×

We've got news for you.

Register on BusinessLIVE at no cost to receive newsletters, read exclusive articles & more.
Register now
The war has wreaked havoc on supply chains in the crucial Black Sea breadbasket region. Stock photo.
The war has wreaked havoc on supply chains in the crucial Black Sea breadbasket region. Stock photo.
Image: 123RF/Asawin Klabma

Global food prices are surging at the fastest pace ever as the war in Ukraine chokes crop supplies, piling more inflationary pain on consumers and worsening a global hunger crisis.

The war has wreaked havoc on supply chains in the crucial Black Sea breadbasket region, upending global trade flows and fuelling panic about shortages of key staples such as wheat and cooking oils.

That’s sent food prices — already surging before the conflict started — to a record, with a UN index of world costs soaring another 13% last month.

Ukraine’s ports are closed and many vessels are avoiding the region, which accounts for about a quarter of all grains trade. Farmers in Ukraine, the top sunflower-oil exporter, are expected to drastically cut crop plantings and the country is struggling to export supplies already harvested.

Global food prices are surging at the fastest pace ever as the war in Ukraine chokes crop supplies, piling more inflationary pain on consumers and worsening a global hunger crisis.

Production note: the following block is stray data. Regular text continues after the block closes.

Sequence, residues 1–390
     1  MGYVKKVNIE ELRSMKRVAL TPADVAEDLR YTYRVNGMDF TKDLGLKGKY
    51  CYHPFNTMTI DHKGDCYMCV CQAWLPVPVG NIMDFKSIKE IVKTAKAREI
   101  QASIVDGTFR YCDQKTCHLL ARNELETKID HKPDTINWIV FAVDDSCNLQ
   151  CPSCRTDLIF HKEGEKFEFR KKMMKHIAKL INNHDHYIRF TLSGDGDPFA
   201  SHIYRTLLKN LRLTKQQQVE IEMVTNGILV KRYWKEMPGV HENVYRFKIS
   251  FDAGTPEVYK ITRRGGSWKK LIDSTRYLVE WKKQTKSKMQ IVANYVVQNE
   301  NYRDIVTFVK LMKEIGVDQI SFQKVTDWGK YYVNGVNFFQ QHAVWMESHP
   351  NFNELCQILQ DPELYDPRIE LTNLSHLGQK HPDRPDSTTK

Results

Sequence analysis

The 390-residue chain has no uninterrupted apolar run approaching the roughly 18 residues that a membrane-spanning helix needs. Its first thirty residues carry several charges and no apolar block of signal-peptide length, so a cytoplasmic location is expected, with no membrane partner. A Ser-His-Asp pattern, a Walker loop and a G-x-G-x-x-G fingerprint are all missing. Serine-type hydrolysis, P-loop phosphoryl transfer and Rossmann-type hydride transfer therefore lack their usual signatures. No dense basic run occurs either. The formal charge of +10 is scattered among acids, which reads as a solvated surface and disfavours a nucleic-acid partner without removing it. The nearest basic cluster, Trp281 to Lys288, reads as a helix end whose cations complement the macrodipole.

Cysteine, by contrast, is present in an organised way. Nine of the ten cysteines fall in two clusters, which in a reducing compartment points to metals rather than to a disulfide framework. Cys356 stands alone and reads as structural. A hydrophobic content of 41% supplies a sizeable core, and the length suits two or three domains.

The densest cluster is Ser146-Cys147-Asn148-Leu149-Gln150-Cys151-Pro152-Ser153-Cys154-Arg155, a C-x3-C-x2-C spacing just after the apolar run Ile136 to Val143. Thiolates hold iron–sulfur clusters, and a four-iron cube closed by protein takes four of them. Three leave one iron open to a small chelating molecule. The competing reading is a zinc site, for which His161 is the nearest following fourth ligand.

Global food prices are surging at the fastest pace ever as the war in Ukraine chokes crop supplies, piling more inflationary pain on consumers and worsening a global hunger crisis.
Image: Bloomberg

Elsewhere in the world, high energy and fertiliser prices are raising food-production costs, which is feeding through to bigger grocery bills or threatening output.

The food price rally is felt most in poor countries where groceries make up a large share of consumer budgets — and the fallout from Russia’s invasion has sent costs of basic foods such as bread soaring.

The  costs are spurring some countries to hold off on imports, seek new suppliers or draw down local stockpiles, though that won’t be a long-term fix, said Erin Collier, an economist at the UN’s Food and Agriculture Organisation.

“It’s basically kind of deterring demand,” she said. “That can only last for so long. Wheat is a staple food.”

Global prices have jumped about 75% since mid-2020

The FAO’s gauge of global prices has jumped about 75% since mid-2020, eclipsing levels seen in 2008 and 2011 that contributed to global food crises. Last month’s surge helped prices round out a seventh straight quarterly gain, the longest such run since 2008.

The UN has warned that prices could still climb much more.

Aside from the food-supply risks associated with the war in Ukraine, farmers around the world continue to contend with severe weather events and the effect of climate change.

The FAO raised its outlook for global grain stockpiles — usually a good sign for supplies — but said most of that is due to stranded grain in the Black Sea region.

Ukraine’s exports will be particularly hard hit by the war, with wheat shipments falling 5-million tonnes and maize down 12.5-million tonnes from a previous estimate. Freight and financing challenges are also impairing Russian sales.

The problems will drag into the next season. Ukraine planted its wheat months before the war erupted, and the FAO expects at least 20% to go uncollected because of destruction, constrained access to fields or a lack of resources for harvests.

Russian production could be affected by difficulties importing agricultural inputs, it said.

More stories like this are available on bloomberg.com
Bloomberg

subscribe